- Late Night Karaoke by: mishima
- Muse in the Morning by: Robyn
- On This Day In History May 21 by: TheMomCat
- In the Crosshairs by: Lasthorseman
- Cartnoon by: ek hornbeck
- American Exceptionalism by: ek hornbeck
- Target serves pizza. It doesn’t make it a restaurant by: TheMomCat
- In Memoriam: Donna Summer by: TheMomCat
May 21 2012
May 21 2012
The economic crisis in Europe and the austerity response to it which has spread from Greece to other countries in Europe has dominated the news now for weeks. This past weekend the leaders of the G-8 met at Camp David where it was the main topic for discussion. While President Obama’s statement that encourages stimulus and growth as solutions to the EU problem, he did not discount austerity as one of the driving policies that has extended the downturn and caused social upheaval in Greece and now Spain. The reporting in the traditional mainstream media has been particularly lacking ion balanced analysis and, in some cases, some pretty sloppy and biased reporting.
William K. Black, an associate professor of economics and law at the University of Missouri-Kansas City, former litigation director for the Federal Home Loan Bank Board and a white-collar criminologist, takes reporters at the New York Times task for their profound ignorance on covering Europe’s financial, social, and political crises. He explains why they are so wrong:
Economists have known for roughly 75 years that adopting austerity in response to recession or depression will make the economic crisis grow and last far longer. Austerity is to economics as bleeding was to medicine. [..]
The NYT article focuses on Alexis Tsipras, the Greek political leader whose party rose to prominence by promising to reject the loan-for-austerity program that the disgraced former Greek government agreed to at Berlin’s diktat. The article’s theme is that Tsipras is endangering all of Europe by demanding an end to austerity being imposed on Greece. The reporters write, as if it were undisputed fact, that Tsipras has started “a high-stakes game of chicken with Europe’s leaders.” But that reverses the facts.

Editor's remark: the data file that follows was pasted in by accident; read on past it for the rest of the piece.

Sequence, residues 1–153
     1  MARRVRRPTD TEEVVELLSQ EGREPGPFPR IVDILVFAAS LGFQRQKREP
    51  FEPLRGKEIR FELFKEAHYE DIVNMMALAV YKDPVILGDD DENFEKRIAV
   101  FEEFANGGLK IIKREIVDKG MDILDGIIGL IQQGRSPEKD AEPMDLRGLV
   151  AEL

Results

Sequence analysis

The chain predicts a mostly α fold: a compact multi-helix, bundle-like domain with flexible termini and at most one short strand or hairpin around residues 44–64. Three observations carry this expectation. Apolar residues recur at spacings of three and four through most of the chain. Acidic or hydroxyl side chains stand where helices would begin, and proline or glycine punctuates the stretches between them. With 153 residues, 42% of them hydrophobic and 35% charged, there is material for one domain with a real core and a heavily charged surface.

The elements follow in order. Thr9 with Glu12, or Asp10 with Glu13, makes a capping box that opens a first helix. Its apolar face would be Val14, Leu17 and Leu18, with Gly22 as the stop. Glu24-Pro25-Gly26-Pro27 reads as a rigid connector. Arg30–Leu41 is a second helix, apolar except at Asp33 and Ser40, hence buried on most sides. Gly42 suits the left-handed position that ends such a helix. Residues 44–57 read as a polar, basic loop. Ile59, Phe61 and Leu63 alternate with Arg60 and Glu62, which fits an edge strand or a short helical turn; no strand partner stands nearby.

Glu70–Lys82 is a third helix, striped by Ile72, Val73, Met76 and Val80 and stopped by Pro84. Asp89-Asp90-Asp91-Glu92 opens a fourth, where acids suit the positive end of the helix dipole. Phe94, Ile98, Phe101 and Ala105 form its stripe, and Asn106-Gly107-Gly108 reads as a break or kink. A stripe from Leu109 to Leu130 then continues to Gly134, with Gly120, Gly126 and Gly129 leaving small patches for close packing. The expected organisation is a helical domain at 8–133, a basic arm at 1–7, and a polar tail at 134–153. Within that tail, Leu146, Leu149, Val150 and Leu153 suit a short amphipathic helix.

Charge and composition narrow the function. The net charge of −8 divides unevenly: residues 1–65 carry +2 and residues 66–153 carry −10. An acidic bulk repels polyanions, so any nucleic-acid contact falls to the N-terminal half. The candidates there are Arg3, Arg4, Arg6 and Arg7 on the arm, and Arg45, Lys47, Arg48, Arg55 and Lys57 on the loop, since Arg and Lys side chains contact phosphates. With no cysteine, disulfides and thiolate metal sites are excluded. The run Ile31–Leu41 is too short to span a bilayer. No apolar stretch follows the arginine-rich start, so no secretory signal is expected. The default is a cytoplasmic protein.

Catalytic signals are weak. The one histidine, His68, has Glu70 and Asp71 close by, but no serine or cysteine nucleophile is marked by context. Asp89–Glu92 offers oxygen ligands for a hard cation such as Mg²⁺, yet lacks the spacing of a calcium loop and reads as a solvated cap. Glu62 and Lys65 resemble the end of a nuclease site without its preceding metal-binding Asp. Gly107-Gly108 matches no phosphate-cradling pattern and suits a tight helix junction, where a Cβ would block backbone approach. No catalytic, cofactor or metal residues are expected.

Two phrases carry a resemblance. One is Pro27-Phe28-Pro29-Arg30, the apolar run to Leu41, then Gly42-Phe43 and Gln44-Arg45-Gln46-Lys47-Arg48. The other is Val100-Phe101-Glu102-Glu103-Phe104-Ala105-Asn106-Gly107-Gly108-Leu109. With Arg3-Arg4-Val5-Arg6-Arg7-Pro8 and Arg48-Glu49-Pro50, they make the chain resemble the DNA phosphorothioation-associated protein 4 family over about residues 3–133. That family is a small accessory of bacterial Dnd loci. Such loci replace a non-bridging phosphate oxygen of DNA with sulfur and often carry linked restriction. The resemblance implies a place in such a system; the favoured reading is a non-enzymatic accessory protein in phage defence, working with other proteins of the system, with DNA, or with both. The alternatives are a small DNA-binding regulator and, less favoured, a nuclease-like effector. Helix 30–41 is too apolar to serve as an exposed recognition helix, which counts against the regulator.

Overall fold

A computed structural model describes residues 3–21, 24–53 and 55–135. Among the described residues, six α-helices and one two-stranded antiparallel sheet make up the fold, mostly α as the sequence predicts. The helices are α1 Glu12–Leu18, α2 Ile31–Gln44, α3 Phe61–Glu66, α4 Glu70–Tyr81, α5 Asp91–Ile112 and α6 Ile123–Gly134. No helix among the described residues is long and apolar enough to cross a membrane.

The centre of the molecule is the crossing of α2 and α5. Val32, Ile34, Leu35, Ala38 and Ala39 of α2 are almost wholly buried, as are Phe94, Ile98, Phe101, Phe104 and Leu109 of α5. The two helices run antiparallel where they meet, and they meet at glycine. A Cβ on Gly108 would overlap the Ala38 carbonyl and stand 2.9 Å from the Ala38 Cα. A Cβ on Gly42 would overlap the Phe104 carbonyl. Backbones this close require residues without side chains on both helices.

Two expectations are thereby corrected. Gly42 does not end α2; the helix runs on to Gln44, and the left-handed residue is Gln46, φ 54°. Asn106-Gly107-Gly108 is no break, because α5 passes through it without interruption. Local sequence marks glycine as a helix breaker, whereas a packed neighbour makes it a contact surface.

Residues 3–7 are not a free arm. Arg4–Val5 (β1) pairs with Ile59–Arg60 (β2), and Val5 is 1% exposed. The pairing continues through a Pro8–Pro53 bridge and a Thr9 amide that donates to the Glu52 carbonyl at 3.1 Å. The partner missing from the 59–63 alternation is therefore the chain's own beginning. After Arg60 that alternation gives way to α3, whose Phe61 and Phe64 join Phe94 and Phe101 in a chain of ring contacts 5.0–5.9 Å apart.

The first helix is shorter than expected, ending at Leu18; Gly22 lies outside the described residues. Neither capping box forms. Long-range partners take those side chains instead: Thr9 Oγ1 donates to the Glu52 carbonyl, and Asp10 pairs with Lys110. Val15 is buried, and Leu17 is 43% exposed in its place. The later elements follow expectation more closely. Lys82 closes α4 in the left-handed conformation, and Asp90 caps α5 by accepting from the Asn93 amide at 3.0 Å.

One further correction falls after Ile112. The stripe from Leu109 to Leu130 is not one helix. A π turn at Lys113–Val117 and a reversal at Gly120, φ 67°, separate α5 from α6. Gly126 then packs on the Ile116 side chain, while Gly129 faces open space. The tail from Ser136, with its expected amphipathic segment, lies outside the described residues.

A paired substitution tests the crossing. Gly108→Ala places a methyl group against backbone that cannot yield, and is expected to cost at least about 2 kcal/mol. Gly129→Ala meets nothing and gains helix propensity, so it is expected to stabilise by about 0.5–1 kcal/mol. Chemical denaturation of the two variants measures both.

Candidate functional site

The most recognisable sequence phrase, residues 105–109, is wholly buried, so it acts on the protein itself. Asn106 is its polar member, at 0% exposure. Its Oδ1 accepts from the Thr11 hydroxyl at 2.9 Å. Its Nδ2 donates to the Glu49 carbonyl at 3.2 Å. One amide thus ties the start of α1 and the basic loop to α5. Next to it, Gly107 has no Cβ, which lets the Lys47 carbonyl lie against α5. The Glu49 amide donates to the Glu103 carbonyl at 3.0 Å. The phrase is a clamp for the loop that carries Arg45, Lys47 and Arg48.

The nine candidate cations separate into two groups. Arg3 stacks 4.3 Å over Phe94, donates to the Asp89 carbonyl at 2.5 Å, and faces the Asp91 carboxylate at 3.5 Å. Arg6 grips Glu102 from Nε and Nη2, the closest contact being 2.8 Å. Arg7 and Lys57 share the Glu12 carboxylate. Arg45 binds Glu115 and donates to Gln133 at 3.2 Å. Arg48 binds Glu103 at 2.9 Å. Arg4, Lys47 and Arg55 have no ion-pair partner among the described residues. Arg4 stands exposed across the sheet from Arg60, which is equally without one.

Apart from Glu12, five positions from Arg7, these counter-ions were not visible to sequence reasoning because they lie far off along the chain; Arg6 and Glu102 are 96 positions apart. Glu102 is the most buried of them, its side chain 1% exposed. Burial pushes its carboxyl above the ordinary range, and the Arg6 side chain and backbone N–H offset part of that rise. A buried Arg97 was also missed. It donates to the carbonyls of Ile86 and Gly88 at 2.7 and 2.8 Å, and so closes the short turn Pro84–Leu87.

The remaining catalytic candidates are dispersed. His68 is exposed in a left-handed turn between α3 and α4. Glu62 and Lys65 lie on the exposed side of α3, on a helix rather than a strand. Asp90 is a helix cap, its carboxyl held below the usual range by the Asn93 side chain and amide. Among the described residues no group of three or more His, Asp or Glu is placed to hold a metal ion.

The game that Berlin designed required the Greek to agree (1) to drive their economy off a cliff into a deepening Great Depression through increased austerity, (2) to force an enormous reduction in working class wages, (3) to sell Greek islands to private parties, and (4) to give up other aspects of sovereignty so that hostile, foreign, and private entities such as the IMF and the ECB could monitor its governmental actions. The Greeks are now refusing to commit economic, political, and social suicide. The Germans are demanding that they drive off the cliff because “a deal is a deal.”
If Greece were to drive off the cliff by adopting greater austerity it would likely destroy the EU. Austerity would force Greece into a deepening depression, eventually lead to a default on Greek sovereign debt, and tear Greece apart. Austerity has already generated a substantial neo-Nazi party in Greece. Few Americans recall the Greek civil war between the right and the left that began in World War II and continued for several years after the war or the post-war coup. Greeks recall the civil war and the coup and fear their resumption. Proponents of the Berlin Consensus already have blood on their hands because of the suicides engendered by mass unemployment, small business failures, and hopelessness. If the Berlin Consensus sparks a civil war or coup it could be fatal to the EU.
The EU crisis was also the topic of a heady discussion on this Sunday’s Up with Chris Hayes. Prof. Black was joined on the “Uppers” panel by Betsey Stevenson, former chief economist for the Obama Labor Department, Karl Smith, assistant professor of economics and government at the University of North Carolina at Chapel Hill; and MSNBC policy analyst Ezra Klein.